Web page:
SomehowGeekyPolyglot wrote:A culturally relevant but really rare pattern of behavior: Some Africans telling some non-African persons that if they would call them N . . . . . . one day, they wouldn't have the slightest issue with it
Because this pattern is very rare, I didn't even capitalize it.
SomehowGeekyPolyglot wrote:The question being asked in this post is:
What are the possible detailed reasons for any African making such an offer, keeping in mind that this word usually is connected to many, many unpleasant feelings?
Asking them isn't the only way of knowing why they would make such an offer in some rather rare cases. It can also be known by themselves already having told it using another way
. Or by making some deductions as long as they fully are valid.
SomehowGeekyPolyglot wrote:FYI: Outside of this very log, I don't ask any questions if I already know the answers. But as for this particular one, while I don't know some answers, I know others, like this one, for example.
So what is the answer you know?
When an African tells a Caucasian (using it in the broader sense now) that he really can call him N . . . . . . , of course not every single case would necessarily be the same. However, there are some behavioral general patterns related to this.
They are more inclined to making such an offer when they know that the other (Non-African) person has a genuine interest in Many Things Africa. In addition to that person being someone who also strongly dislikes a certain pre-1945 dictator. Also, if that particular person would already have been speaking to them in African English because of knowing that they appreciate it, this is another token (symbolical) gesture being made by the Non-African person that they really could like. This is because in this case (unlike speaking to them their way when they dislike it because of not knowing the motivation or thinking that it is mockery, etc.), one intentionally isn't using American English, but preferring African English instead, which is something African after all
So all of this can contribute to themselves considering a particular person as someone who is "not entirely non-African" or even "somehow African by heart, even if the color is different". And within that framework, there is the possibility of that offer being made, maybe, just maybe without even mentioning that "N . . . . . " topic. However, that didn't happen to me. Instead, I was the one who mentioned it in a very subtle way, but I only did so for the purpose of knowing his exact point of view on it, not because I expected or even really imagined the very possibility of that offer.
Side-note: Not having any issue with American English, using it all the time in this forum. (Sub-side-note for people who are very much into linguistics: I didn't claim that I use it the very same way a native would do. But I don't write in British English...).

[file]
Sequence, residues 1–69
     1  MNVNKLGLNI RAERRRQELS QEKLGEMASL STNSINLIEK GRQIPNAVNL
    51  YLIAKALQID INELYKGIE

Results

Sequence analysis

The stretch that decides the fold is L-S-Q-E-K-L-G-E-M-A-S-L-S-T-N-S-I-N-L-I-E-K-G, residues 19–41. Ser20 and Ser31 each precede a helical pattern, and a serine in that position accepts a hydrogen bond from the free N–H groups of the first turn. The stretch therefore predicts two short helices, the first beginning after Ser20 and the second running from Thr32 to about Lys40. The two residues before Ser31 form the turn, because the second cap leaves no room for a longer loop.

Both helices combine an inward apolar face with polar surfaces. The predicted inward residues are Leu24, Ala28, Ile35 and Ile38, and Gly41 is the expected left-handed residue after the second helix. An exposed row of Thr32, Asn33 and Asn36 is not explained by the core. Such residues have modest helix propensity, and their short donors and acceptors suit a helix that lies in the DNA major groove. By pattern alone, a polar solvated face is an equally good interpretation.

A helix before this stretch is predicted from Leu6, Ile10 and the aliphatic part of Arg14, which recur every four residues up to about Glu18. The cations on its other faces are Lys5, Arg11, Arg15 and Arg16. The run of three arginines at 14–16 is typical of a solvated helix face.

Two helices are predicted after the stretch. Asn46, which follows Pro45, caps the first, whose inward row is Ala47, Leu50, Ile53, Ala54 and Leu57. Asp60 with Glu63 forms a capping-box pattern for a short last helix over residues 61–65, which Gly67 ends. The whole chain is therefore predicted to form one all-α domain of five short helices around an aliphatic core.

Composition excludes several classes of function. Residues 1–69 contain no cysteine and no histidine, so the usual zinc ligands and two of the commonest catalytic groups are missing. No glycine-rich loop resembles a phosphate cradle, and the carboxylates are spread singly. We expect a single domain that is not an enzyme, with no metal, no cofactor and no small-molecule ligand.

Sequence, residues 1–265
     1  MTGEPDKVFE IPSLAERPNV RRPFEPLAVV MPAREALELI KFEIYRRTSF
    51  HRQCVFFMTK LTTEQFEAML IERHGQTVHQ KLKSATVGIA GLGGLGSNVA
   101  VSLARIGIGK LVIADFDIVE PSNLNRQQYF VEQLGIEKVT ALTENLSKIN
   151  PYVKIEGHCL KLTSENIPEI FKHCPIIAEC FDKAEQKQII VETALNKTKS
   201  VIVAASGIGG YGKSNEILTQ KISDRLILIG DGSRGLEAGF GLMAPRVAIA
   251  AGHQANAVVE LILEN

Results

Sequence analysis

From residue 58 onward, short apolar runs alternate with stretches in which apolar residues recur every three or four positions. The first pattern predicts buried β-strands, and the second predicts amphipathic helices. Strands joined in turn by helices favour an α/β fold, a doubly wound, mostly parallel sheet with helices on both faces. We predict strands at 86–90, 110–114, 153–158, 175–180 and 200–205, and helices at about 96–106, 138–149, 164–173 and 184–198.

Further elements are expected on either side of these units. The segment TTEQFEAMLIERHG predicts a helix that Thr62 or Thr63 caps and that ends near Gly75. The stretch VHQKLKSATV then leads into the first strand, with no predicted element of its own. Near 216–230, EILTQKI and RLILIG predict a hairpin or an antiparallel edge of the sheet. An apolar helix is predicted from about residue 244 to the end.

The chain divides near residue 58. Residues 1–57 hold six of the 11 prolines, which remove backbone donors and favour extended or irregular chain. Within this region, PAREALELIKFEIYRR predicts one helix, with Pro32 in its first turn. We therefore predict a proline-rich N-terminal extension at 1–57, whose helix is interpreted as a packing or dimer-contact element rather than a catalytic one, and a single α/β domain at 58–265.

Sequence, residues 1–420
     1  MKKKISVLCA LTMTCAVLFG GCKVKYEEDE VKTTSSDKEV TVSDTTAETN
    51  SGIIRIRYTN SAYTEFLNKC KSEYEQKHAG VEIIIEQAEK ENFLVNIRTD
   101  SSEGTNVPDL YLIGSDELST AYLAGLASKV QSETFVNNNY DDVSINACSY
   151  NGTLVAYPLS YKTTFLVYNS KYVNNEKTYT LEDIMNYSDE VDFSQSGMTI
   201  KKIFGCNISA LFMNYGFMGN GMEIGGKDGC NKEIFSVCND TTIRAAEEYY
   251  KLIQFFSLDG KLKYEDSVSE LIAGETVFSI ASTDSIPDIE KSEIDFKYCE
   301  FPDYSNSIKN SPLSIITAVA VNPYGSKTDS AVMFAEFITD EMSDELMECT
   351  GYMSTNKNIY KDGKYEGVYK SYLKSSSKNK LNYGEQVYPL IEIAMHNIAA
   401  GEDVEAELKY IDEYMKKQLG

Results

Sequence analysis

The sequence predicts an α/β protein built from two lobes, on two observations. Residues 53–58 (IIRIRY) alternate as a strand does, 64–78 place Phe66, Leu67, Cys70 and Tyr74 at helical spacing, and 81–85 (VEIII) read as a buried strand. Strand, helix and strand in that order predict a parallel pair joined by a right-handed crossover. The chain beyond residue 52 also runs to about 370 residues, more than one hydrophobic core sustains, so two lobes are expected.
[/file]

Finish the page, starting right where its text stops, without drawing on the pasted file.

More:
One of the Africans who offered it to me told me (and they were a very few only), "You can call me like that, that's no stress. Because I know you, and I know that you wouldn't mean it in the way others do".
And as for another one, I simply was talking to him about Africans severely disliking being called like that. Then he immediately told me nothing more but, "You can call me N . . . . . .".
But still, even when a particular African really makes this offer, there still are several possible pitfalls. I personally do not recommend at all calling them like this even after the offer has been made, for some reasons mentioned in the original post:https://forum.unilang.org/viewtopic.php?f=1&t=56140&start=60#p1123735
Some additional, personal background:
For a long time, whenever I would start to speak English, I have been (and this still is the case even today) defaulting
to the African way unless I intentionally do some additional actions to use American English instead. This is about things like pronouncing the TH as in "thank you" as a T and some more.
"Defaulting" as in "using it per default, unless a different option is selected by myself".
I also am keeping in mind that using African English could sound offensive to Africans who aren't familiar with my reasons for doing so. As opposed to some who do know them, there have been "too many" examples in the past of them appreciating it, thus leading to a better mutual communication experience. But still, when I decide to switch to American English for the purpose of not causing a possible offense, this means selecting a different option rather than using the default setting.